Remember B. A. Baracus? In the 80s blockbuster tv show, "The A-Team," B. A. led the charge. Buildings caved in, cars exploded and in the end, good triumphed over bad. Boys of all ages loved it!
We Boomers need an A-Team: pros who will charge forth on behalf of our parents, clearing obstacles, ripping through red tape, paving a way for excellence in eldercare.
Whether you're looking for home care, retirement living, assisted living, an adult family home or nursing care, or even in-home electronic devices, the first person you meet--the sales or marketing representative--might end up being a member of your "A-Team."
A great pro, of the A-plus variety will:
1. Put your parent on a pedestal. OK, not literally, but a great marketing rep will be more concerned about your parent's needs than "selling" unneeded services. In a friendly manner, the rep should ask open-ended questions, such as, "Tell me about your mom?" and "What prompted you to seek help?" and "What kind of timetable are you looking at?"
If your parent is with you, the rep should ask her some of the questions directly, and especially, "How do you feel about this?" Other questions will address finances, as well as the needs and desires of the entire family.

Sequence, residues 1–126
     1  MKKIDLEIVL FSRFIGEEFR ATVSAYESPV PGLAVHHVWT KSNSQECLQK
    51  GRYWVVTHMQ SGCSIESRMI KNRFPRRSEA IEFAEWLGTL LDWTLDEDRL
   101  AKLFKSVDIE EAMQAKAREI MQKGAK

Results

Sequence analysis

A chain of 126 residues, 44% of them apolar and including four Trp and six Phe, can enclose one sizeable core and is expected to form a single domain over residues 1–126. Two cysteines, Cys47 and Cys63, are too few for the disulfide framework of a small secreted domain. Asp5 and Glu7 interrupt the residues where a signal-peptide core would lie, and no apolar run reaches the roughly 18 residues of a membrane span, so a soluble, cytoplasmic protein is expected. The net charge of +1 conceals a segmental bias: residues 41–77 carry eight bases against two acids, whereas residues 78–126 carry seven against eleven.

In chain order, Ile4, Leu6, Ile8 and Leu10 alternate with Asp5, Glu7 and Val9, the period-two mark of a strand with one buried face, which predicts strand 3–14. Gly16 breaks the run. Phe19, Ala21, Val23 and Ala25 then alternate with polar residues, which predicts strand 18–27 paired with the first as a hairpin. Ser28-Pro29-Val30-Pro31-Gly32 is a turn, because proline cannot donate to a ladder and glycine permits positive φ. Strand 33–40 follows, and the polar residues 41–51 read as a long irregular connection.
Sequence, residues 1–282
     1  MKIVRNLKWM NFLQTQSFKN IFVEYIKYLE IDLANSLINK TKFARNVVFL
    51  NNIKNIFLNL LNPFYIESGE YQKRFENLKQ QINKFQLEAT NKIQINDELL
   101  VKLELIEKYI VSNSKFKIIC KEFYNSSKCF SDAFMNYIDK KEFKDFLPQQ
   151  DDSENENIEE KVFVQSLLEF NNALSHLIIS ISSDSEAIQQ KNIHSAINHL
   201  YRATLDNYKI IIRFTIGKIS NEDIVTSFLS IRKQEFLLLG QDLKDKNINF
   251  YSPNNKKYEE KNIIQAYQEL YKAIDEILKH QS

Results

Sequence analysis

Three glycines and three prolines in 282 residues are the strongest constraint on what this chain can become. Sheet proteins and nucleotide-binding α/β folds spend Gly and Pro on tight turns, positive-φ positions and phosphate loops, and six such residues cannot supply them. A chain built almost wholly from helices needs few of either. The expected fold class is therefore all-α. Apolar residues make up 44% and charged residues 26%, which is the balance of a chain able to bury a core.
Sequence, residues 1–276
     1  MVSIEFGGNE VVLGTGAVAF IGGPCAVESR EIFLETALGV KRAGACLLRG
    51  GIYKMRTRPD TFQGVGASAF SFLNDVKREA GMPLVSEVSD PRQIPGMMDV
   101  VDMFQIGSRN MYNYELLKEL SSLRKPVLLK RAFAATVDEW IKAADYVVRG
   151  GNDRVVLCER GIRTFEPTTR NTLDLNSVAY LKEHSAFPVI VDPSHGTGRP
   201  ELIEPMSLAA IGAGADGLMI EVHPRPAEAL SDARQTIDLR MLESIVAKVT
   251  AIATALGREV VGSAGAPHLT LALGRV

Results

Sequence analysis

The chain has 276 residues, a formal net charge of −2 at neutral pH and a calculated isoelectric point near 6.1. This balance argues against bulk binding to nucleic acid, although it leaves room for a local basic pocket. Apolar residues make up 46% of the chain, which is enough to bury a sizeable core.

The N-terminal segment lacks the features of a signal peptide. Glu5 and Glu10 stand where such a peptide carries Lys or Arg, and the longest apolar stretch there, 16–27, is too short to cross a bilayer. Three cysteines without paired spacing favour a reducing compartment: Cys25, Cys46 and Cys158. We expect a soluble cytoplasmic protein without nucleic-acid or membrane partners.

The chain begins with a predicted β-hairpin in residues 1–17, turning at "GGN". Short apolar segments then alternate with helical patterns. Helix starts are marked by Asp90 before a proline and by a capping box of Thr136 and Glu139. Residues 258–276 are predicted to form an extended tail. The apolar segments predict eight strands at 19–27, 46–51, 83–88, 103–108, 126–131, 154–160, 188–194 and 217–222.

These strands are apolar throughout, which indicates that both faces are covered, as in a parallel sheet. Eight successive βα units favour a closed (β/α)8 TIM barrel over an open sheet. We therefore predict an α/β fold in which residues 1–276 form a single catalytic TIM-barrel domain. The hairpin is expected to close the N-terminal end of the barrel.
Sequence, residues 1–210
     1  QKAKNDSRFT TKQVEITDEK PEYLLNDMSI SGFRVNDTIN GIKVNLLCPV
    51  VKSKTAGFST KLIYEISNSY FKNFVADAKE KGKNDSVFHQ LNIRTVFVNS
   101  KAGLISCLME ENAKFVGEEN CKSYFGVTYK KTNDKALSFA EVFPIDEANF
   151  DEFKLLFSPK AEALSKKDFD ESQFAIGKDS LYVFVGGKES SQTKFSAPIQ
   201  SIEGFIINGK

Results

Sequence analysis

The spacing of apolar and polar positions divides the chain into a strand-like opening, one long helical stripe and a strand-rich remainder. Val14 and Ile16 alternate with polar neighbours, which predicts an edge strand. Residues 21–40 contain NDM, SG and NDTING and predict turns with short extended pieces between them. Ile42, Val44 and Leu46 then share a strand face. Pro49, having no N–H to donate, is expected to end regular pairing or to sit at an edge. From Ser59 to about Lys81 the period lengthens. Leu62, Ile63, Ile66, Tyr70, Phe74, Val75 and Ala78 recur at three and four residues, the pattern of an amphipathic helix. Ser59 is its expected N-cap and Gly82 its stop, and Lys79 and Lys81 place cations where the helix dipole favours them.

Hopefully, you won't feel like you're being grilled--the conversation aims to ferret out all the needs, and maybe unearth some you hadn't thought of earlier. Once everything is on the table, the marketer and you together can determine whether the services they have to offer will work.
2. Answer your questions. You may have questions relating to the quality of their services, such as, What is your caregiver turnover rate? Can I examine your state survey report? How long has leadership worked together in this organization? These are all potential indicators of quality. If the rep doesn't have the answer immediately, he or she should tell you that you'll get a phone call within a few days with the answer. Most important, he or she will keep this promise.
3. Never let "no" be the last word. If this company isn't the right fit for any reason, a great marketer should give you a next step: perhaps two referrals for local organizations that will work for you. And if you happen to see him or her on the street later, you'll receive a big smile, and a question, "How are things going with your mom?"
Have you met marketers that meet A-Team standards? Do you have experiences with others that you'd like to share?